Gillard's Recipe for Certain Turmoil

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Julia Gillard has won the tightest election in Australian history by the smallest margin: she is a minority Prime Minister with a 76-74 floor majority surviving on an alliance with the Greens and three out of four independents.

This is a recipe for weak and uncertain government where Gillard has a majority in neither house. The historic irony is that two independents from conservative regional seats have delivered Labor's victory.

This decision will leave a legacy of bad political blood. It will be fanned because the rural independents, unable to agree, split 2:1 yesterday for Labor and argued their obligation was to prevent another election during the next three years, ultimately an unacceptable and unjustifiable stand of dubious political integrity.

Rob Oakeshott, who has left open the option of joining Gillard's executive and becoming part of the Labor government to which he gave the kiss of political life, will be targeted by the conservative side.

The result guarantees a new flow of funds to regional Australia and will ignite a political war between the pro-Labor rural independents and the Nationals. The Abbott-led Coalition campaign against Labor is already manifest: that Gillard's minority government is without legitimacy.

After a 17-day delay Gillard has saved her prime ministership and perhaps saved her career. The relief in the Labor Party will be palpable. Having lost her majority, Gillard is salvaged by two independents, Tony Windsor and Oakeshott and she promptly visited the Governor-General late yesterday.

Within the Labor Party Gillard will enjoy enhanced authority; it is her skill, discipline and will-to-power that has kept Labor in office and saved the party and herself from a historic humiliation.

Gillard's capacity to manage this diabolical situation should not be underrated.

Abbott could not have come closer to office; he won more seats than Labor and he won more of the primary vote. But Abbott lost out in the "second election" competing for the votes of the independents, thus falling short of a miracle victory. Abbott was gracious and measured in his comments last night, saying it was time to avoid "partisan rancour".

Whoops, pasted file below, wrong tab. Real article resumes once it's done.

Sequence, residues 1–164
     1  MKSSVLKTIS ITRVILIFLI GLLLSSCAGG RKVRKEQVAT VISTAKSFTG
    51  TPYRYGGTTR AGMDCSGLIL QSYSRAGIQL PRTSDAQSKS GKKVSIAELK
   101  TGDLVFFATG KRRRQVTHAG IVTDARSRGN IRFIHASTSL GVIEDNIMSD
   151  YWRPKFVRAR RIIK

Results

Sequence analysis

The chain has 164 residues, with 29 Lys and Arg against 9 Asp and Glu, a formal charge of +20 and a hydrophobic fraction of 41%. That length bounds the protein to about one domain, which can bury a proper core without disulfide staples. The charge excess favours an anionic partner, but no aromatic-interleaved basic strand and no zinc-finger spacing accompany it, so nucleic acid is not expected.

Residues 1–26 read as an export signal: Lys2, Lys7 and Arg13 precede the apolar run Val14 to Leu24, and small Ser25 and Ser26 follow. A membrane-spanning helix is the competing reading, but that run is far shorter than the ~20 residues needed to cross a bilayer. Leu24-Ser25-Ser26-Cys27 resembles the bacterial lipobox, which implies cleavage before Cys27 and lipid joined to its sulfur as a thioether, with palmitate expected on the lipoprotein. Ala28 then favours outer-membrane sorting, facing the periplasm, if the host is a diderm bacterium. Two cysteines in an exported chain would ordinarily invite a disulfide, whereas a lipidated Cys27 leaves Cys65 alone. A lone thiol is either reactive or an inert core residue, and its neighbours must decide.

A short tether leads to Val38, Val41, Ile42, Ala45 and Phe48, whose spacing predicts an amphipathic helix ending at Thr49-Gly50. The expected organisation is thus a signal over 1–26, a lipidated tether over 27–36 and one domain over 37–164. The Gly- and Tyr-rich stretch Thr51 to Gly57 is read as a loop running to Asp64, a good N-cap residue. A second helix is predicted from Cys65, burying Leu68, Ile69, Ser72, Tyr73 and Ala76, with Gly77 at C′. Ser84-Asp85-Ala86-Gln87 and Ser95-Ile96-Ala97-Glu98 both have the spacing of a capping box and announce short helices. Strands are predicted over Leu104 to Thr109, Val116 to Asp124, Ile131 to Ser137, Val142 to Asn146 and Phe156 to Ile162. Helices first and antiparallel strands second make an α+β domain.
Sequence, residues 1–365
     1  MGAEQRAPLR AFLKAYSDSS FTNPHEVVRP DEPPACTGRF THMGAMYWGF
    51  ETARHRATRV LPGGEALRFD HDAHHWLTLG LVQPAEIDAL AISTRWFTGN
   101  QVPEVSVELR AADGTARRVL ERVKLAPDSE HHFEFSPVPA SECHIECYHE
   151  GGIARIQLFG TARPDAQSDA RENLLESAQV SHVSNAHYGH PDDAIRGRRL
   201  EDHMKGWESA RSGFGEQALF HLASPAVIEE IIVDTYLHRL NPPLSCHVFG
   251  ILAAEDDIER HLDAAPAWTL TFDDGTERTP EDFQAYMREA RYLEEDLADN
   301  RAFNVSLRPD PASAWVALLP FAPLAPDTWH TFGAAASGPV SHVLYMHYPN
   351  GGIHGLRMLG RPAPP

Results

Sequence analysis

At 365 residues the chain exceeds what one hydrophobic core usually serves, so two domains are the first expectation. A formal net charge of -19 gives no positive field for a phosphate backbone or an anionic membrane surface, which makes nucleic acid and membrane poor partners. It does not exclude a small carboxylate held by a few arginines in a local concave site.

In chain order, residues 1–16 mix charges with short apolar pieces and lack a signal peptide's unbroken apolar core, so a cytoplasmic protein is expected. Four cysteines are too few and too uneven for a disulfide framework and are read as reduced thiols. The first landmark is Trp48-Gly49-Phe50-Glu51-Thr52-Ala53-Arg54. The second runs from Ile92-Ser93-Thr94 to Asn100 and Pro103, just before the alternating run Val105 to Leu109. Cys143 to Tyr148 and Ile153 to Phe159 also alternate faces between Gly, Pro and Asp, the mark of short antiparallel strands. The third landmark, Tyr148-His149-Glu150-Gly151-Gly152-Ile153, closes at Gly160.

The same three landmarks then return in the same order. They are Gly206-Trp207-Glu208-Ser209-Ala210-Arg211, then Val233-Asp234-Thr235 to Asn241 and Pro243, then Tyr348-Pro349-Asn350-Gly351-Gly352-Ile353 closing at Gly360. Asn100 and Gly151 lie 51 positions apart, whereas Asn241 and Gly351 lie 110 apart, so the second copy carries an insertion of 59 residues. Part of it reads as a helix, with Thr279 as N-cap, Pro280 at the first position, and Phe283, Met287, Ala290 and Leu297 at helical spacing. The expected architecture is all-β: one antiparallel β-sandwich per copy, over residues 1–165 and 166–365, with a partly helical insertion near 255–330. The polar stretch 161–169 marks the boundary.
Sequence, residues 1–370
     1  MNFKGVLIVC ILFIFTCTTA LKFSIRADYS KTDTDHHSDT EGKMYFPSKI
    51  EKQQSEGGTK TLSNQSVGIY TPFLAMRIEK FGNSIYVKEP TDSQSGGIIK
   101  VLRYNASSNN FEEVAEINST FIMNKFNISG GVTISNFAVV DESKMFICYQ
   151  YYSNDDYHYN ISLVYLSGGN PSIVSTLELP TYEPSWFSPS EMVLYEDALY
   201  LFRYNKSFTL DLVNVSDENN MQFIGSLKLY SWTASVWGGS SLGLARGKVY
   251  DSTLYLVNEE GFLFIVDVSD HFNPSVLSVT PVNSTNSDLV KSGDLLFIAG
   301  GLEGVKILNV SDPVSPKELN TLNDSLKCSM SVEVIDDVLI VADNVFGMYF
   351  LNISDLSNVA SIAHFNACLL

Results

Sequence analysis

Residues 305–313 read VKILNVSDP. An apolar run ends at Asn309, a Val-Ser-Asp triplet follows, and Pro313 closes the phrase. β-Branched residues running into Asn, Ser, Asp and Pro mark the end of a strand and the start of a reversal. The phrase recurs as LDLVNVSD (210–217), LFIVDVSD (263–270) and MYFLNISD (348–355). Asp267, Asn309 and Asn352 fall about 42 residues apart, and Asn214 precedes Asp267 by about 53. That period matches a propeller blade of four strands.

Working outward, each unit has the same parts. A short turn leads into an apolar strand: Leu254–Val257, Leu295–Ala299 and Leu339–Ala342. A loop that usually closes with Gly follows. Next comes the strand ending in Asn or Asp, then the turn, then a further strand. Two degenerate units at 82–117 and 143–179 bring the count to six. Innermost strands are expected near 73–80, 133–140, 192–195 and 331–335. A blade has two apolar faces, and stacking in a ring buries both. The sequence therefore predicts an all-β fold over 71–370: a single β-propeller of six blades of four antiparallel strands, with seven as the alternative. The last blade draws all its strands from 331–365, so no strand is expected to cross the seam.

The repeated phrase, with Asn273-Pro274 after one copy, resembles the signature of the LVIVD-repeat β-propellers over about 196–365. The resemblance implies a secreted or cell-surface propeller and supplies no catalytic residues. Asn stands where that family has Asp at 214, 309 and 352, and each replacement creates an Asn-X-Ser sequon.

But there is no reason to doubt his election night belief that Labor lost its legitimacy to govern. Abbott said last night the only test for Gillard's survival now was that of "good government" and the timing of the next election depended on her performance. He sensibly said he would not lightly move "no confidence".

Gillard has a survival floor majority that depends on just one vote. A single by-election or major scandal could bring her undone.

Windsor and Oakeshott have not given an unqualified promise on confidence.

The raw numbers mean Gillard may govern for three years. But there are no commitments on her legislative program or her policy. Oakeshott says Gillard can claim no mandate; the independents deny the concept.

Securing contested legislation will become a nightmare. The political logic of this result will undermine pro-market reform and promote government intervention and special fixes.

Gillard has won a new opportunity to renovate Labor in office but is burdened by a minority government dependent on the Greens' Adam Bandt, along with Windsor, Oakeshott and Andrew Wilkie. In the Senate, the Greens hold the balance of power. This is a recipe for a combative and possibly bitter parliament.